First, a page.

Prosecutor pays price // O.J. scrutiny adds to stress of her divorce
Richard Price; Jonathan T. Lovitt
LOS ANGELES - From the start, it was clear the role of World's Most Famous
Female Prosecutor carried an enormous price, especially for a woman who
values privacy as much as Marcia Clark.
There were the comments about her hair, her short skirts, her tough style. Sharp
rebukes from the judge. Grueling 16-hour work days. The unrelenting glare of a
TV camera beaming close-up images around the world.
For Clark, all that and more surround her job as chief prosecutor in the O.J.
Simpson double-murder case - the biggest professional battle of her life.
But even as she argues fine points of the law against some of the best defense
attorneys in the nation, Clark is also in the midst of a more personal battle - a
divorce from her husband of 13 years, Gordon Clark, and a fight for custody of
their boys, ages 3 and 5.
If Marcia Clark were just another lawyer, the divorce would be the same
'90s-style split showing up in courthouses across the USA: two-job couples
trying to divide the spoils of a marriage torn apart by the demands of their
But Clark is a star, the headliner in what many consider the biggest legal
showdown of the century. So her divorce trial - she first filed June 9, just three
days before the murders - is very public, and her two trials enmeshed.
Last week, Simpson's defense lawyers accused Clark of fabricating child-care
problems to delay a session the defense said she wasn't ready to handle. And in
papers filed in a courthouse across the street Feb. 24, Gordon Clark accused her
of putting the Simpson trial ahead of her children.
He characterized her as a tyrant and a neglectful mother whose sons are "starved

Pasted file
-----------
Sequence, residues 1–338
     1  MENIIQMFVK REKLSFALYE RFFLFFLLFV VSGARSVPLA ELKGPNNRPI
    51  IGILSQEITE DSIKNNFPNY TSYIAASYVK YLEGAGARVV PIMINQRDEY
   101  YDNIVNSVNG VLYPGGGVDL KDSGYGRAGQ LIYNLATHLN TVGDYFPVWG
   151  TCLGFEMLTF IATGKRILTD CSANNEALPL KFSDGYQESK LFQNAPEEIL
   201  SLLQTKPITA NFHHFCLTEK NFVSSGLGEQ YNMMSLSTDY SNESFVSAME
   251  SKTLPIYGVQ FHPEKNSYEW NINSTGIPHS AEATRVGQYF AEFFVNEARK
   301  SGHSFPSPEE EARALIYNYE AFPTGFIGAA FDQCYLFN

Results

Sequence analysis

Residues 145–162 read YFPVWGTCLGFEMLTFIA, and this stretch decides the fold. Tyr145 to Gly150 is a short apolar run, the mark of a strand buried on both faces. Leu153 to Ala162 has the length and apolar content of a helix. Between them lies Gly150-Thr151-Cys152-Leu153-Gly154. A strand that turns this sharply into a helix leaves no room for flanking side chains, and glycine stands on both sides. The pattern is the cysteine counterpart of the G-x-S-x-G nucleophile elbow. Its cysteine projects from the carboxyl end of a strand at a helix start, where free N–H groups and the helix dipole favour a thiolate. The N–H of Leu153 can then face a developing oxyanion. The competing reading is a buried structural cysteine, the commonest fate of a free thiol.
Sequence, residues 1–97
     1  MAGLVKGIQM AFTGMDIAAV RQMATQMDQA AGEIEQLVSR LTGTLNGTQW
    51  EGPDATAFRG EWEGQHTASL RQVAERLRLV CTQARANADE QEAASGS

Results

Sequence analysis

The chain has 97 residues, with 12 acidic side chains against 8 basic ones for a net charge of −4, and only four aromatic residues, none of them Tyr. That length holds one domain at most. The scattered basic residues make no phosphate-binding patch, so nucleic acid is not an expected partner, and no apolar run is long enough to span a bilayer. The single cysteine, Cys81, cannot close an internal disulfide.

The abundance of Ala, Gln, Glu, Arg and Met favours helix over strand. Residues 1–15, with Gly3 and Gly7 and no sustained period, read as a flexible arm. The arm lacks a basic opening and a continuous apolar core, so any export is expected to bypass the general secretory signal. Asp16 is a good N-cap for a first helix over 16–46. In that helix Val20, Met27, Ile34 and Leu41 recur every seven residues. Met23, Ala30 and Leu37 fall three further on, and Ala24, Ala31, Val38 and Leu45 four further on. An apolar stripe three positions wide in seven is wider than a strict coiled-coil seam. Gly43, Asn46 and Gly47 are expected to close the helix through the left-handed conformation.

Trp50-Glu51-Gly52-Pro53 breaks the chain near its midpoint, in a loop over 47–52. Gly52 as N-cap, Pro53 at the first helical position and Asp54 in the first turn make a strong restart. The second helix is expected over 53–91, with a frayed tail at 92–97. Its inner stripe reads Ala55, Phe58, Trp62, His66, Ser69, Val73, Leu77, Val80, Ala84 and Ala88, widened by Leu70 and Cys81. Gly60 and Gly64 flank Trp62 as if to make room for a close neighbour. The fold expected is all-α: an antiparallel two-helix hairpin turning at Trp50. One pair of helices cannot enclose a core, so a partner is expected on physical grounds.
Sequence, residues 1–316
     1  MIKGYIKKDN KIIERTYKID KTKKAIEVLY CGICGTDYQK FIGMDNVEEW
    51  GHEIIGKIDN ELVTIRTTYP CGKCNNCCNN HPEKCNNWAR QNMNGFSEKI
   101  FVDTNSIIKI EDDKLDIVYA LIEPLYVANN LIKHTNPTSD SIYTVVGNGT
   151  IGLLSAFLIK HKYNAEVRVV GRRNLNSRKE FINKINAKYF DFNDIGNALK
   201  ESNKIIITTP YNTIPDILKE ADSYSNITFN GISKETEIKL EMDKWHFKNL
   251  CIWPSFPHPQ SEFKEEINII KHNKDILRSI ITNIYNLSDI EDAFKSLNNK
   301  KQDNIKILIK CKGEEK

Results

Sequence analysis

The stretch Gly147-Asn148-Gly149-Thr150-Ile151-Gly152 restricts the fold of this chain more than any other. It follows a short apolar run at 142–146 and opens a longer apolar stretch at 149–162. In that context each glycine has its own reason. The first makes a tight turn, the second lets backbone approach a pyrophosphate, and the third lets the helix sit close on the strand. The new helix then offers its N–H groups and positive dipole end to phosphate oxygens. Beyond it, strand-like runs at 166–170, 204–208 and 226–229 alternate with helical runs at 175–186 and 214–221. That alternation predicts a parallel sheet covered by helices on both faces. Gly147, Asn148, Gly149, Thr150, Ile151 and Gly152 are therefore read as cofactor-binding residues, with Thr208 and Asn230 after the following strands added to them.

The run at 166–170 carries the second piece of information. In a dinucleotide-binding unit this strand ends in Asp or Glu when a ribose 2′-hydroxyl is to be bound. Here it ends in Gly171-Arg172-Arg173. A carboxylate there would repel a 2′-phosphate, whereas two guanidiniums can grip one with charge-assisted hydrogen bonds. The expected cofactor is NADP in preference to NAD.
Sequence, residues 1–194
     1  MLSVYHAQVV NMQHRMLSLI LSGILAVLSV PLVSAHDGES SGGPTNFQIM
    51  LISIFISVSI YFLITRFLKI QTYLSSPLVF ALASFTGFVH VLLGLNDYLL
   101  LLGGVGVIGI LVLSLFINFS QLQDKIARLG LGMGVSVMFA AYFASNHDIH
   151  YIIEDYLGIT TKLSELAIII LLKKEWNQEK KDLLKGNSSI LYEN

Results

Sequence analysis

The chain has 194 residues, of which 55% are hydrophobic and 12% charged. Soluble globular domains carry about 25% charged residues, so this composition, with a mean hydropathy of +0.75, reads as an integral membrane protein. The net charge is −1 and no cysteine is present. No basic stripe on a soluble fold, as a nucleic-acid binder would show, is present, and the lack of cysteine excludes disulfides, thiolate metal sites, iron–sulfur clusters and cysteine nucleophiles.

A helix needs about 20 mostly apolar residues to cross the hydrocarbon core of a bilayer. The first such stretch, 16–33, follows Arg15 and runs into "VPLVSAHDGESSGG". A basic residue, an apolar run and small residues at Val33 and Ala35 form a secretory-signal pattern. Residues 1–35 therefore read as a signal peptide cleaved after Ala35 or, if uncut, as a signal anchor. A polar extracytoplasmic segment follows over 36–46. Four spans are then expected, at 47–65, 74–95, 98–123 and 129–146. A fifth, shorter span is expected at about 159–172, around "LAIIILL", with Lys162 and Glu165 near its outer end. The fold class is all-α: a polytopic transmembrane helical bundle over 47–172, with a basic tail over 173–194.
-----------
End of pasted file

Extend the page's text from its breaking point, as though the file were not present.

for attention" with "cuts and bruises, more than one would expect, even for two
Gordon Clark's words were taken from his response to his wife's request for an
increase in monthly support payments.
In court papers she filed in December, she says she is struggling financially.
Overloaded by debt that includes credit card debts of $23,500 and a $14,000
dental bill, she says her wardrobe demands have soared because of the Simpson
case, and her baby-sitting bills have risen to $945 a month, plus another $625 in
As a result, Marcia Clark - who earns $96,829 a year as a prosecutor - wants an
increase in the $650-a-month child support payments from her husband. He's a
36-year-old computer engineer at Soligen Inc., who reports his income as
Beyond the emotional pain of the split comes painful publicity spawned by the
O.J. trial media machine: Tabloid stories have reduced her to tears, and she has
yet to grant a one-on-one interview. She fought to seal her divorce papers,
complaining about "constant scrutiny and public display."
"I can't imagine the pressure she must be experiencing," says former federal